Two weeks before their final deadline, President Barack Obama and top lawmakers will face more pressure Tuesday for a debt deal amid a growing sense that a last-ditch plan taking shape in Congress may be the only way to avoid a devastating U.S. default.
With talks at an impasse and time growing short for raising the U.S. debt ceiling, attention will shift to a congressional vote on a Republican deficit-cutting measure seen as mostly symbolic but a stark reminder of their ideological divide with Obama's Democrats.
More important than Tuesday's political theater will be any progress behind-the-scenes on a fallback option that would give Obama almost all the authority — and the blame — for raising the $14.3 trillion debt limit before the government runs out of money to pay its bills on Aug.2.
The stalemate in Washington, along with debt problems in Europe, is unnerving financial markets worldwide amid fears of a spiral into a global crisis, and the situation could worsen unless a U.S. deal is struck soon.
While insisting Obama has not given up on forging far-reaching $4 trillion deficit-reduction deal, the White House has finally signaled that a broader plan may be out of reach — something many in Washington accepted days ago.
"We must pursue a fallback or last-ditch option ... Conversations about that have been ongoing," White House spokesman Jay Carney told reporters.
With no word of new talks planned between Obama and congressional leaders, a solution that has gained traction is one based on a proposal by Republican Senate Minority Leader Mitch McConnell originally envisioned as "Plan B" if all else failed.
He has been talking to Senate Democratic leader Harry Reid about revising it to try to win bipartisan support.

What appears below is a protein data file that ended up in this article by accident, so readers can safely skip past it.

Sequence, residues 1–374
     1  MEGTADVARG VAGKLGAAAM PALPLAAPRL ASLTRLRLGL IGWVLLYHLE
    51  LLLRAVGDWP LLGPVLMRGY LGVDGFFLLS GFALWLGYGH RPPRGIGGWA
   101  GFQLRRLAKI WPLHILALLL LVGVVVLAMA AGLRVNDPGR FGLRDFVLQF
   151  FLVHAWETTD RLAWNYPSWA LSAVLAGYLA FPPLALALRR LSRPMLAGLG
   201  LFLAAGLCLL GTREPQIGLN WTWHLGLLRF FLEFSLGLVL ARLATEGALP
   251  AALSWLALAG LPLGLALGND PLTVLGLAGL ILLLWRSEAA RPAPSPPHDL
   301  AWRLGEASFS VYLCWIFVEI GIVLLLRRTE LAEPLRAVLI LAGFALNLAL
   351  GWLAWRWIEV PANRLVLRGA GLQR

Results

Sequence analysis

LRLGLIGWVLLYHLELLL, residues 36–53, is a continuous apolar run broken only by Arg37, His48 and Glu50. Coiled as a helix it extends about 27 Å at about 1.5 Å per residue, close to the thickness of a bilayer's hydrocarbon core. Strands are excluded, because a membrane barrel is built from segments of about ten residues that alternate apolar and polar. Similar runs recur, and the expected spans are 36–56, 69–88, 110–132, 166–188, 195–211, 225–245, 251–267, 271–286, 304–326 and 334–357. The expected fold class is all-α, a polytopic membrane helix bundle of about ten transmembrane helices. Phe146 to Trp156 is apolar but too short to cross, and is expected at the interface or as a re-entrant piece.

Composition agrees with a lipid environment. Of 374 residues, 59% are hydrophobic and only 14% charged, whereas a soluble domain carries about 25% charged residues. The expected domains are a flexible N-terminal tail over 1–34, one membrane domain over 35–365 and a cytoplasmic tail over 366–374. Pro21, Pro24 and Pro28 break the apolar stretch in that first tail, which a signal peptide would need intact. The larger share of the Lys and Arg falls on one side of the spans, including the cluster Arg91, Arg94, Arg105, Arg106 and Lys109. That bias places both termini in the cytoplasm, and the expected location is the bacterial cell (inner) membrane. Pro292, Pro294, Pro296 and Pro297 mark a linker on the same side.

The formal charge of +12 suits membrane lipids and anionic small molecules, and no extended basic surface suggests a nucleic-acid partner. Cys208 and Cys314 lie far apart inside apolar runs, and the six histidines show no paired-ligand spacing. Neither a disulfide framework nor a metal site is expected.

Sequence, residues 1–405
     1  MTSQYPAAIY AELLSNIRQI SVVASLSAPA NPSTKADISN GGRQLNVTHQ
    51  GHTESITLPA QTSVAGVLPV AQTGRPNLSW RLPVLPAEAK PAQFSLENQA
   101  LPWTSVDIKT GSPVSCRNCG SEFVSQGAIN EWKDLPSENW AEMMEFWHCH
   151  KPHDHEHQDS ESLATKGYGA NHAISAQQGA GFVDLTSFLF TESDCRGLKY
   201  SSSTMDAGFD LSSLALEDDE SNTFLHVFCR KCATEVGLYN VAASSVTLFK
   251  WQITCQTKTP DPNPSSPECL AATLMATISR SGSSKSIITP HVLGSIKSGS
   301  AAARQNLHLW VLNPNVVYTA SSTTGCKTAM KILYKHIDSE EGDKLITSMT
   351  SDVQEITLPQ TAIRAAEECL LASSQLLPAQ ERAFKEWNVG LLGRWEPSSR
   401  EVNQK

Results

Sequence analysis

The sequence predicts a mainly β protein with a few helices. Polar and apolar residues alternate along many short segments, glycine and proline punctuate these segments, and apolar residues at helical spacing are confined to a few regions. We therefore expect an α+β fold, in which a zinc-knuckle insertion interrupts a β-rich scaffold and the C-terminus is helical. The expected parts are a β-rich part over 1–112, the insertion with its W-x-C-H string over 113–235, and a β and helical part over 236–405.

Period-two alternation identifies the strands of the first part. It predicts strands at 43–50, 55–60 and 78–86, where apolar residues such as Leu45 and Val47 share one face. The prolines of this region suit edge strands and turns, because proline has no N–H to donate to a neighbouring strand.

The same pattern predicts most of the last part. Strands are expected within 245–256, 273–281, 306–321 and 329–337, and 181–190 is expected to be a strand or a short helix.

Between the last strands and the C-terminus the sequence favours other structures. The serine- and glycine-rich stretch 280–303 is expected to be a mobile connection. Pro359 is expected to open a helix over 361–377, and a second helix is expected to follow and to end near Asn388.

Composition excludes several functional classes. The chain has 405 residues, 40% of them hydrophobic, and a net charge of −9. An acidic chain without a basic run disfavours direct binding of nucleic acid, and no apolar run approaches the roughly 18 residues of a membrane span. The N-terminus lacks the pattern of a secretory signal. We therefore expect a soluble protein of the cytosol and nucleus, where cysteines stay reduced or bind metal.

Before moving forward, Republican leaders are insisting on votes they hope will soothe fiscally conservative Tea Party members and score political points with the public — but which also could clear the way for compromise with Obama.
Republicans who control the House of Representatives will push for a measure to cut and cap spending and amend the U.S. Constitution to require a balanced budget even though Obama has already promised to veto it should Congress pass it.
The vote on Tuesday gives Republicans a chance to argue the need for deep spending cuts.
That could give House Speaker John Boehner, reluctant to see his Republicans blamed for a debt default, the political cover to pursue a deal that includes less-dramatic spending cuts than his party has so far sought.
Failure to meet the Aug.2 deadline for raising the debt ceiling could cause tumult in global markets and push the United States back into recession.
Jitters over the impasse contributed to declines in U.S. and world stocks and a jump in gold prices to record highs on Monday.
Reid accused Republicans of "playing a game of political chicken" with the global economy.
House Republican Majority Leader Eric Cantor chided Obama for threatening to veto the "cut, cap and balance" proposal.
McConnell's convoluted plan for avoiding default would dump the task into Obama's lap by authorizing him to raise the debt ceiling in three stages before the November 2012 election.
Such a move would spare Republicans from having to explicitly back an increase in the U.S. borrowing authority. McConnell has said he wants to make Obama a one-term president.
His proposal could shift any blame for increasing the debt burden to Obama in a campaign season when the president is seeking re-election from voters increasingly concerned about ballooning deficits.
But many conservative Republicans in the House oppose McConnell's plan as a political maneuver that would not put the brakes on spending.
Also with an eye to the elections, Reid wants to show that Democrats favor spending cuts as well, by adding roughly $1.5 trillion in cuts to the plan, which would include creation of a special bipartisan deficit-reduction committee.
Obama had indicated earlier that a deal on lifting the debt limit was needed by July 22 to leave time to write and approve legislation.
But Carney said that was not a "hard deadline," though the two sides needed to "move the ball down the field this week" to ensure an agreement by next week.